Moms Making It: 300 East’s Ashley Bivens Boyd on raising restaurant kids

1
867
Courtesy of Ashley Bivens Boyd

Meet Ashley Bivens Boyd, 45, best known as the pastry chef at her family’s local restaurant, 300 East. After pursuing a degree in fine arts and working in art restoration, Boyd fell into working in restaurants. After spending 10 years working in different cities, Boyd returned to Charlotte in 2001 where she took over as general manager of her family’s restaurant. After the birth of her children, Boyd narrowed her focus to pastries (while still having her hand in a little bit of everything at 300 East).

She’s balancing it all while raising her two children, ages 11 and 8.

CharlotteFive: Current favorite dessert?

Boyd: My sous chef, Laney, who just got promoted to pastry chef at 300 East and I have been working on this sweet potato blondie recipe for a while. I really love that right now. A lot of work and tinkering went into getting it right.

C5: What does a typical morning look like in your house?

AB: My husband works early mornings, so that is my undivided period of time that I get to have with my kids. I try to get up a little before them, between 5:30 and 6:30 a.m., so I can have some quiet time to myself. I wake them up at 6:30 a.m. and since it may be the only time that I get to see them that day I (try to) have a strict no-yelling policy. I make them breakfast, I try to give them a really good start to the day. They get on the bus at 8:30 a.m. and I head to work.

C5: What methods do you use to manage your career and family?

AB: My husband and I have our shared Google Calendar and then we have a whiteboard calendar in our kitchen and everyone has their stuff on there. It helps keep track of when I’m working, have events or if I will be out of town.

C5: How do you manage your time between working, being a mom and taking time for yourself?

AB: I’m not very good at taking time for myself. Because my kids are fairly young and my mom and I own our business, I go into every day figuring out whose needs are the priority that day. Sometimes I’m putting out fires, and it’s crazy. It doesn’t always feel great, but it’s focusing on what things need to be done that day. My work life and family life is very integrated. My kids have grown up in the restaurant. They are really involved and like coming in and seeing what’s on the menu. They get to be restaurant kids — just like I was. When I’m not working, I try to prioritize my time with them. I try to not take my work home with me.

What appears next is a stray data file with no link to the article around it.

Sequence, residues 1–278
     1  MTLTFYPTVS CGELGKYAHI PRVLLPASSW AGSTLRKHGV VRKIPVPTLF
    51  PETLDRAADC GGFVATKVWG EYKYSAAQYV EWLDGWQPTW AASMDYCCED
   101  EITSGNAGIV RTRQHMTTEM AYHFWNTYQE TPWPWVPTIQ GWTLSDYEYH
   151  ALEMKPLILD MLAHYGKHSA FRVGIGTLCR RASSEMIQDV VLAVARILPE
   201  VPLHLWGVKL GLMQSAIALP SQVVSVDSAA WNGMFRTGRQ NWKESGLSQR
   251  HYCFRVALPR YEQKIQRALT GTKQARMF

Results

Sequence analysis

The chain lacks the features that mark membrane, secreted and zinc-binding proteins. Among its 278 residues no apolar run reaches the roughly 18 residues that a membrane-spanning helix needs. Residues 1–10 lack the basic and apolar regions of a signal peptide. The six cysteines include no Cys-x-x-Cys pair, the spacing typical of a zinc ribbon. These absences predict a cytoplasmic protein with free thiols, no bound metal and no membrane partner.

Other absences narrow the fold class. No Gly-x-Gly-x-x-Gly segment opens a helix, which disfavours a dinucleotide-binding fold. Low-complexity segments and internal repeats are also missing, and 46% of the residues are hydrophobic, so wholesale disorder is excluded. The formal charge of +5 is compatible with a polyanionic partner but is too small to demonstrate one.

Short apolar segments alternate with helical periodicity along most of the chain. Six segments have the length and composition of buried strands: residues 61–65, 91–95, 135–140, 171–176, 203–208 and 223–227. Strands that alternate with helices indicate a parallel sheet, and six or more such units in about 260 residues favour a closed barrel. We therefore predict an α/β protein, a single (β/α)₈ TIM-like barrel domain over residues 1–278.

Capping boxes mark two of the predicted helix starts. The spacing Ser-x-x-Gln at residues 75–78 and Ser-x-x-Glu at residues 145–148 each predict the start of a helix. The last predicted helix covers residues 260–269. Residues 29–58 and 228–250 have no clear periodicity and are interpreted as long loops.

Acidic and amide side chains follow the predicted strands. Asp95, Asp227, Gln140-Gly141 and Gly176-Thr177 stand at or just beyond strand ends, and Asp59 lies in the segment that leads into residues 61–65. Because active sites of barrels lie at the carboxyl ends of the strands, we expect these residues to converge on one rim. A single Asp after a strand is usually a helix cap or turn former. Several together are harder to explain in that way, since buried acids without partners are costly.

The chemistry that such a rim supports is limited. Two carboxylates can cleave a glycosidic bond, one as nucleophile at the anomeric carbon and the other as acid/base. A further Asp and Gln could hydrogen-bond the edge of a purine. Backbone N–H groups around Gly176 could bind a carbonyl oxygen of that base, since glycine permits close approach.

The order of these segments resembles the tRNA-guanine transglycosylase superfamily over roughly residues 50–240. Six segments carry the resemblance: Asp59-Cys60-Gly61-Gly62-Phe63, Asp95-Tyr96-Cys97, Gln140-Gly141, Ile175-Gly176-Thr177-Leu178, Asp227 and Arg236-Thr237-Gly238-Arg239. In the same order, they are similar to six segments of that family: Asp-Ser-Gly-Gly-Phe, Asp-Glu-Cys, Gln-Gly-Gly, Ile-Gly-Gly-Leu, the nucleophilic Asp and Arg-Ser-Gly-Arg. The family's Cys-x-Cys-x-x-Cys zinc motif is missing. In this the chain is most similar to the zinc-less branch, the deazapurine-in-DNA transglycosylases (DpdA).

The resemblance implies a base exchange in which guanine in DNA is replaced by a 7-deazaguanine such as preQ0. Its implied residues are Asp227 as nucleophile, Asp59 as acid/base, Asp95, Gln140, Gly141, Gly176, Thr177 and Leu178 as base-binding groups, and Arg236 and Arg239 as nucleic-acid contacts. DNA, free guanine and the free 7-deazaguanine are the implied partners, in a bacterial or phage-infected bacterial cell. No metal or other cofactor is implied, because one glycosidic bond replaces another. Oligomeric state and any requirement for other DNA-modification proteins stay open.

C5: Having such an important role in your family’s business, did you find it difficult to take maternity leave?

AB:  I took six weeks and that is the longest period of time that I’ve ever not worked, but I really didn’t take a traditional leave. At the time, I was working as the general manager and pastry chef and I had someone who stepped up to take over the general manager position. Being a young mom is so physically demanding, you’re just bone-tired, exhausted all of the time.

C5: How do you handle days that are overwhelming?

AB: First, it’s really helpful and important for me to find one thing that I have to do that day and really focus on it. I like to slow it down and enjoy that one thing really well. It reminds me of why I’m doing it. Sometimes I need to remember why I love to do what I do to get through the rest of the day and take joy in my day. Sometimes I need to relinquish that the day is going to be a shit show — and that tomorrow is a new day, and we can start fresh.

C5: What advice do you have for other working moms who are juggling parenthood and the workforce?

AB: We as mothers still feel like we have to do everything. You really can’t do everything and do it well. If you are lucky enough to have a partner at home, relinquish the control at times to that person. They may not do things the way you would do them, but they are there to support you. If you don’t have a partner and you are doing it on your own, you have to find a network, a community or rely on friends or family. You have to find a way to share the workload.

C5: Who is another working mom in Charlotte that you admire?

AB: My mom. She doesn’t have the physical responsibility of caring for me anymore, but she’s so driven and goal-oriented. She always was focused on my development as a well-rounded person and she has always had great respect for nurturing my creative side. Also, Kris Reid of Piedmont Culinary Guild. She’s an amazing mother and puts so much into being an intentional parent. Also, Courtney Buckley from Your Mom’s Donuts. She’s a trailblazer in single parenting and is just amazing.

Is there a Charlotte mom you would like to see us interview? Email beth@bethbooker.com with your suggestions.

Responses were lightly edited for brevity and clarity.

1 COMMENT

LEAVE A REPLY

Please enter your comment!
Please enter your name here